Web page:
Ted Cruz’ comments were even more pointed:

I think it is terrific that he is brash, that he is outspoken, and that he won his race. But I think we need more leaders in Washington with the courage to stand for principle.

So congratulations to the cowardly, unprincipled Governor Christie.

Moderate? For most of American history, moderate sounded reasonable and good, and to much of the electorate it still does. But what evidence is there of Christie’s moderation?

Traditionally, a moderate was someone who shared at least a few positions with the opposing party (like Democrat Joe Lieberman’s support for the Iraq War and waterboarding, or Republican Rudy Giuliani’s support for abortion rights and immigration reform), or shared goals with the other party but tried to achieve them by different means. (That’s what RomneyCare was about, and why Mitt Romney would have deserved the moderate label if he had truly run on his record. Mitt tried to achieve universal health care via private insurance and the free market. Obama’s embrace of that moderate-Republican approach should have earned him moderate status as well.)

I can’t think of any issue where Christie fits the bill. His position on marriage equality seems typical: He believes only in opposite-sex marriage. He vetoed a bill that would have legalized same-sex marriage in New Jersey, and then sued to prevent same-sex marriages after a state judge ruled in their favor. He eventually dropped the suit and allowed same-sex marriages to proceed in New Jersey, but only after it became clear he would lose.

That’s not moderation, it’s pragmatism. He doesn’t waste his effort on losing battles.

He occasionally makes agreeable noises about gun control, but in the only real test he vetoed three popular bills, one being a version of something he had proposed himself just a few months before.

On contraception and abortion, he vetoed funding for Planned Parenthood five times. The anti-abortion Life News says he proved wrong the “media elite [who] claim Republicans can’t win on a pro-life platform.”

He believes in tax cuts for the wealthy and spending cuts for the poor. There’s nothing in his record resembling RomneyCare.

ThinkProgress goes into more detail on Christie’s conservative record.

Opposing the Tea Party doesn’t make you a moderate. Likewise, you’ll search Bradley Byrne’s web site in vain for any moderate policy. He just won’t say stuff as gratuitously offensive as his Tea Party opponent Dean Young, who wants anybody who supports marriage equality thrown out of the Republican Party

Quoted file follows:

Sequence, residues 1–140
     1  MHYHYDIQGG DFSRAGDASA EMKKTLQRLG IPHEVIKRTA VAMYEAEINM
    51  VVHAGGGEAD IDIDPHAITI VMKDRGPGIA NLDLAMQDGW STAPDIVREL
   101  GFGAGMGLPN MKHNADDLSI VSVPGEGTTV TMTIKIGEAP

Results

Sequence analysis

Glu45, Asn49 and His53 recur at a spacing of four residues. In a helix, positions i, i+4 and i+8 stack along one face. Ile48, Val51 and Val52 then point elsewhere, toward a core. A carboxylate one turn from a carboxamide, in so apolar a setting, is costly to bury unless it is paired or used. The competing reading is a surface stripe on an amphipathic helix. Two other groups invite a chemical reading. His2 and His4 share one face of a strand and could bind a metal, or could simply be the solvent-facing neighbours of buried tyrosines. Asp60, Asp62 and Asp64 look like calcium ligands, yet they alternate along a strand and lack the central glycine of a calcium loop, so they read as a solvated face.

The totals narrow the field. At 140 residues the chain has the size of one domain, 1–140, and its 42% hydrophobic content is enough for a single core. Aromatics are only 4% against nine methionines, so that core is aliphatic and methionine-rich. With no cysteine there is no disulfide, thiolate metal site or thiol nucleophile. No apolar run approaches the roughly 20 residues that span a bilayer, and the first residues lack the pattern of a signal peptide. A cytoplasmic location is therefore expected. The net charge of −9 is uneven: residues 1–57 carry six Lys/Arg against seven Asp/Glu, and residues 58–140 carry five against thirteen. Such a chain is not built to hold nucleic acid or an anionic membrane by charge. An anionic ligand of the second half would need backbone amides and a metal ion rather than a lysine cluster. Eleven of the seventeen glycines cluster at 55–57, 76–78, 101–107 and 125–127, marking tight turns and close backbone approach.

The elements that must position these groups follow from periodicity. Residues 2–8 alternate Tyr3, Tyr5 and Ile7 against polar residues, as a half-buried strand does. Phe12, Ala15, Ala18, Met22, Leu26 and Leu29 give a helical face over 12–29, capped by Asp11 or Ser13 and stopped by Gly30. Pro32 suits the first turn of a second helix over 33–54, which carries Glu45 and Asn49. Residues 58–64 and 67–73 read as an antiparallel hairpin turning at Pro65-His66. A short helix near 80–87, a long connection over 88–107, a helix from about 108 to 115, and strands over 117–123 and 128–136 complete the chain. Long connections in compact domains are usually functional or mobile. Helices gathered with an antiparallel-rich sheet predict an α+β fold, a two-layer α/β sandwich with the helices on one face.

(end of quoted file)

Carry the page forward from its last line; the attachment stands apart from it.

If you want to have homosexuals pretending like they’re married, they need to go to the Democrat Party.

Mississippi Senator Thad Cochran, as well as Tennessee’s Lamar Alexander and Kentucky’s Mitch McConnell are all likely to face Tea Party opposition as they run for re-election. They all (eventually) voted to keep the government open and not default on America’s commitments, but they’re no moderates. Just because they won’t set themselves (or the country) on fire to protest ObamaCare doesn’t mean that they secretly support it.

So when they run against Tea Party extremists in the Republican primaries, I’ll be rooting for them. But that offer expires the morning after the primary. I respect their higher level of politeness and their caution about burning down the house we all live in. But they differ from the Cuccinellis and Cruzes and Youngs merely in tactics, not in goals.

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Comments

  • SamChevre  On November 11, 2013 at 12:35 pm

    I would articulate the moderate/radical distinction somewhat differently.

    Moderates think we’re basically on the right (train) track, but may want to move forward/backward along that track. President Obama is in this category; so is McConnell.

    Radicals left and right think we are on the wrong track–we don’t need to move a little, we need to sharply change the power dynamics. There are a lot of echoes of the early 20th century populists–less power to finance; less power to far-away entities; less power to supposedly-but-not-really neutral scientists and technocrats–on both the left-radical Occupy movement and the right-radical Tea Party movement.